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12th Street Capital Reviews FASB 166 and 167 and Tells Us Why Wall Street Will Need More Capital

Posted by Larry Doyle on November 4, 2009 12:00 PM |

Money makes the world go round. Right now the world is not going around all that well because there is neither sufficient capital nor sufficient demand for capital from a global standpoint. That said, profits and bonuses are back on Wall Street so they must have sufficient capital, right? Not so fast.

While our wizards in Washington and on Wall Street are projecting an image of ‘come on in, the water’s fine,’ a crowd based in Norwalk, Connecticut has plans that hold major implications for our markets and economy. What crowd is this? The Financial Accounting Standards Board, otherwise known as FASB.

Recall that last spring Congress, supported by a heavy influence from Wall Street, rammed through a relaxation of the FASB’s accounting rule requiring fair value mark-to-market accounting. Regardless of what you think of that  legislation, I think there is no doubt that the change allowed banks to mismark a wide array of assets and forestall losses.  The need for the accounting rule change could be and will be debated ad nauseum. I believe the powers that be at FASB felt emasculated in the process.

Fast forward and let’s review the next major piece of accounting legislation emanating from FASB. That being FASB 166 and 167.  I will admit I am no accountant, but I understand enough about the markets and accounting to know that the implementation of these rules, scheduled to go into effect in January of 2010 (in November 2009 for certain institutions depending on their fiscal calendar), will likely have a major impact on a wide array of financial institutions.

What impact will that be? Sense on Cents’ friends at Santa Monica based 12th Street Capital have provided a fabulous review of FASB 166 and 167.  I link to 12th  Street’s review at the end of this commentary. In brief, FASB 166 and 167 will require hundreds of billions in assets to be moved from off-balance sheet vehicles onto the balance sheets of the financial institutions. As those assets, which are embedded in an array of securitization transactions, come on balance sheet, the banks and non-banks alike will have to raise more capital to support the growth in their balance sheets. Best guesstimate is that the institutions will need to raise capital in the tens of billions.

Are the financial institutions taking this rule change sitting down? No, but the FASB’s comment period is over and the implementation of FASB 166 and 167 is upon us as mentioned previously.

Is this accounting rule the reason why certain institutions are hoarding cash? Likely. That said, rest assured the financial lobby is fighting to have the FASB forestall and actually fully reconsider the implementation of 166 and 167.

One may ask why FASB feels the need to implement these accounting rules. Well, the spirit of the off-balance sheet activities has clearly been violated during the economic crisis of the last two years. While Washington and Wall Street can play charades on a number of fronts, ultimately some organizations care to have some truth, transparency, and integrity in financial reports. FASB 166 and 167 look to achieve just that.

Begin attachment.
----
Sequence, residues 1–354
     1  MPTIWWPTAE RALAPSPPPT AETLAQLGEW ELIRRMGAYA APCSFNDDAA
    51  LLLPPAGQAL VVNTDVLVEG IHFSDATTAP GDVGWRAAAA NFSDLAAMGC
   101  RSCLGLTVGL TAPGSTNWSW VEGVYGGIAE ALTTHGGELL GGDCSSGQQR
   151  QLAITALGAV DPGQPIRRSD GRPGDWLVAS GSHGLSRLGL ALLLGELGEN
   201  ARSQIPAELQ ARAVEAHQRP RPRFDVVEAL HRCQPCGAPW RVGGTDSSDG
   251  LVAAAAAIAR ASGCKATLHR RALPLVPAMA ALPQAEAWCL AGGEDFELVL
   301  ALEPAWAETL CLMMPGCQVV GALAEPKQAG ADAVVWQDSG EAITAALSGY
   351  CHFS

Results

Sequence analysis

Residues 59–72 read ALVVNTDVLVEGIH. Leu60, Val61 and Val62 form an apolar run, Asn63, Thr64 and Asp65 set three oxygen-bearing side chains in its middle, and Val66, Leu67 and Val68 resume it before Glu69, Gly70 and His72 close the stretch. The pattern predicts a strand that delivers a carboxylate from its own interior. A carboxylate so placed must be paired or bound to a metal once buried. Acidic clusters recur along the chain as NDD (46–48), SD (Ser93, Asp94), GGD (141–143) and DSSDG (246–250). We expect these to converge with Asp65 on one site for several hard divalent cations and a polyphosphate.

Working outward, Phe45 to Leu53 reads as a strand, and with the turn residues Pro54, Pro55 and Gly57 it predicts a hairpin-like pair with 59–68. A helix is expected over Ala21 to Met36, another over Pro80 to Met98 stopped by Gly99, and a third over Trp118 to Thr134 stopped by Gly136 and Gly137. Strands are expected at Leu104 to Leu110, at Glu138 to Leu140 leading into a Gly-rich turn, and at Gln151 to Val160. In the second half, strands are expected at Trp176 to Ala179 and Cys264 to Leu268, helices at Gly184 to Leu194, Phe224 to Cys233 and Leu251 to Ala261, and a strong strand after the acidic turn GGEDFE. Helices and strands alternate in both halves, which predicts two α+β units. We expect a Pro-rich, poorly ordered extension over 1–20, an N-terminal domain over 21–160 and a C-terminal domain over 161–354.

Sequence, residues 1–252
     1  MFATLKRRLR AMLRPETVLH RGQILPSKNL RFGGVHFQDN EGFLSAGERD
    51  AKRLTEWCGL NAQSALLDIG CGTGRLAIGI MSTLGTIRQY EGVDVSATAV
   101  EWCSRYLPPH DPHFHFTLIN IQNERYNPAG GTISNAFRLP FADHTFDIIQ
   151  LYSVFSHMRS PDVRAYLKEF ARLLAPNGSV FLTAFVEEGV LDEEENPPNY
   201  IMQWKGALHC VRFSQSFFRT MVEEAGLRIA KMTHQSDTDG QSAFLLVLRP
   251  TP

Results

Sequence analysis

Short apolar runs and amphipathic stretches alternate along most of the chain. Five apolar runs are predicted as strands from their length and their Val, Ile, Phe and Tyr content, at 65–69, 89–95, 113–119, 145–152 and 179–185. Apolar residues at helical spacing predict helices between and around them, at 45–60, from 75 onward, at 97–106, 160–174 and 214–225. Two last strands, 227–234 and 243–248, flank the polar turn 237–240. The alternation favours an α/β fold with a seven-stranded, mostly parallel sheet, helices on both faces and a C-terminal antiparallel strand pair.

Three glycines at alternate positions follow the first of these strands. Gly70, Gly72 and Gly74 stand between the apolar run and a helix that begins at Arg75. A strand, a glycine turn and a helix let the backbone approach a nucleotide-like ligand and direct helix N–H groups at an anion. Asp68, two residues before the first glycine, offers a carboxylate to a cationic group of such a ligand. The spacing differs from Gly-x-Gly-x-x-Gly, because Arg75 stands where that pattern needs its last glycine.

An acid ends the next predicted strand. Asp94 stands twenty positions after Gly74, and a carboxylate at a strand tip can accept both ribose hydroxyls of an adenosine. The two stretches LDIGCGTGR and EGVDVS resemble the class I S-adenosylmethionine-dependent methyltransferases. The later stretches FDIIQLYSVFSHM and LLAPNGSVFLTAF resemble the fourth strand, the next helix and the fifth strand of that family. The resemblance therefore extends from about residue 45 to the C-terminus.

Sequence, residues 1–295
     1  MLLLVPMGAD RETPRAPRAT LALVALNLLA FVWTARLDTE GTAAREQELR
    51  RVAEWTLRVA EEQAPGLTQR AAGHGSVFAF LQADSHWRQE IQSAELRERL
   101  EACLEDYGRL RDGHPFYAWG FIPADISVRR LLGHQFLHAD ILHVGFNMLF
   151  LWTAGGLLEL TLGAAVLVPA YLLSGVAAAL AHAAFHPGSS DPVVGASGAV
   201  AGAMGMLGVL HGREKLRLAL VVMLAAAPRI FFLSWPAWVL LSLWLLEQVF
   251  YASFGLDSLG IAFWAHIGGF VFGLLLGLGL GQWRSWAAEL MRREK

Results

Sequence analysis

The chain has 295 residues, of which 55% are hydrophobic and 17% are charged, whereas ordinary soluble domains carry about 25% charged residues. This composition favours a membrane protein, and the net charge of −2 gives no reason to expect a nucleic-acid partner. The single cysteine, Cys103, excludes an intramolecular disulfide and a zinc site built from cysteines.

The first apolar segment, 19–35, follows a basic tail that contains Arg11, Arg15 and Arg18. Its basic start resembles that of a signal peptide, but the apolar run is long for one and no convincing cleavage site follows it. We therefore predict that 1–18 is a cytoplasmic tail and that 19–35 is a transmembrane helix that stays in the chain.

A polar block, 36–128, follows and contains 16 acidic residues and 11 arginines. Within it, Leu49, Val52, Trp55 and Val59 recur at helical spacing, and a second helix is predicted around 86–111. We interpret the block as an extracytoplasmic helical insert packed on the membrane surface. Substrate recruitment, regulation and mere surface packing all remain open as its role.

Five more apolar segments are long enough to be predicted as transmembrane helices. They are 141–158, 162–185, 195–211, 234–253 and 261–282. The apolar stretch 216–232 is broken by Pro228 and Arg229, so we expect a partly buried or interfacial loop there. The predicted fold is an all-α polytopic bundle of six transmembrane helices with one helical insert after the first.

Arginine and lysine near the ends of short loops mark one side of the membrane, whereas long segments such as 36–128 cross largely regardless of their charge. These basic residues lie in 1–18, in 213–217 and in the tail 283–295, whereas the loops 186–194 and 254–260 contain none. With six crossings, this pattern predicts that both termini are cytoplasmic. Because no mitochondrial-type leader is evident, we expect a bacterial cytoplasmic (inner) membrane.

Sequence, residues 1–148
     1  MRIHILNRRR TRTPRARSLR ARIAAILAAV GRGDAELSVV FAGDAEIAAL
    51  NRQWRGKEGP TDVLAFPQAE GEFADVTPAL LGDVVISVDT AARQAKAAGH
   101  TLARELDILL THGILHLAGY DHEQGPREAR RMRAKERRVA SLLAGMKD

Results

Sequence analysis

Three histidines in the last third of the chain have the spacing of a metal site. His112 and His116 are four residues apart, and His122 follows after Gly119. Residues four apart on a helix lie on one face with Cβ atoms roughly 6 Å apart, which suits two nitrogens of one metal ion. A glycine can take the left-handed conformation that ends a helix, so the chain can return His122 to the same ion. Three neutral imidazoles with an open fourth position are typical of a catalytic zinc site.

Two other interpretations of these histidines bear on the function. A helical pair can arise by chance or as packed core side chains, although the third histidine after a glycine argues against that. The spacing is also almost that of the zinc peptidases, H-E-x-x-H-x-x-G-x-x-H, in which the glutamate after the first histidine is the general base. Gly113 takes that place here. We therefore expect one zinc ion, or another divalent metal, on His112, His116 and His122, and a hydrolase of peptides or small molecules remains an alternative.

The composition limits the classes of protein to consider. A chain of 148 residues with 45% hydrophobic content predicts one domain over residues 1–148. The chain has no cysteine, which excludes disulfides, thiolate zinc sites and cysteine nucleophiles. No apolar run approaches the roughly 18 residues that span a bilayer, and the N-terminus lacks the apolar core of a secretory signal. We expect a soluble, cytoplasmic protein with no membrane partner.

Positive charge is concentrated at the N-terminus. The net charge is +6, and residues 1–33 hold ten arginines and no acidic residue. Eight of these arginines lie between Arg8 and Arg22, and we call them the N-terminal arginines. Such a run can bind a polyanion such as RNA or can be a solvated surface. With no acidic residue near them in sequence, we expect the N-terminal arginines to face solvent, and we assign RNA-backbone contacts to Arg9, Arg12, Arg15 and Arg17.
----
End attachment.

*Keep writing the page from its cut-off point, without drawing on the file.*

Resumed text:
I thank 12th Street Capital for providing a clear and concise review of these changes. Please access the thoughts of the sharpest minds on Wall Street, even though they’re based in Santa Monica, and merely click on the image below for the entire three page report.

To get all of my work and ensure you do not miss out on reports like this, please subscribe via e-mail, an RSS feed,  follow me on Twitter, or become a fan on Facebook.

Thanks for your support . . . now let’s dive into this fabulous research piece from our friends at 12th Street Capital.

LD

  • Petricone456

    Thanks for this post! After checking a few large-cap bank models from the sell-side it doesn’t look like everyone has this baked into the cake… they’ve run a few loss assumptions, but have said nothing re: capital… Point in case, Citigroup’s $2tn balance sheet would grow by about 40% if forced to bring all that stuff back on! Again, thanks for the post!

    • Larry Doyle

      Petricone456….happy to help. The crowd at 12th Street deserves the credit.

  • fiscalliberal

    Could it be that when they bring the asssets back on the books, they can mark them to model which gives them a lot of flexibility to minimize capital variations. The only problem with that is one does not have a true picture of status. However I suspect smart investors know all that stuff.

    The real problem comes when they want to sell them or FASB goes back to Mark to Market. As we used to say in Wisconsin, the cheese will get binding then.

    Generally speaking, after Enron, my quesions increase dramatically when I hear the terms off book. Life should get tough when you get caught with financial shenanigans.

  • Larry Doyle

    Fiscal…the capital is actually determined by the face value (amount) of the asset and what risk weighting is assigned to it. The lower the risk weighting the less capital needs to be allocated and vice versa.

  • Don

    There is a rumor that FASB 166 and 167 have been pushed back until 2011. Is this true or are they still going forward with the new accounting rules? Personally I believe we should follow through with these rules. It is time for the banks to tell the truth on what they have on their balance sheets. It is a pure lie if they continue to delay any effort to create transparency. Americans must demand these banks to tell the truth!!






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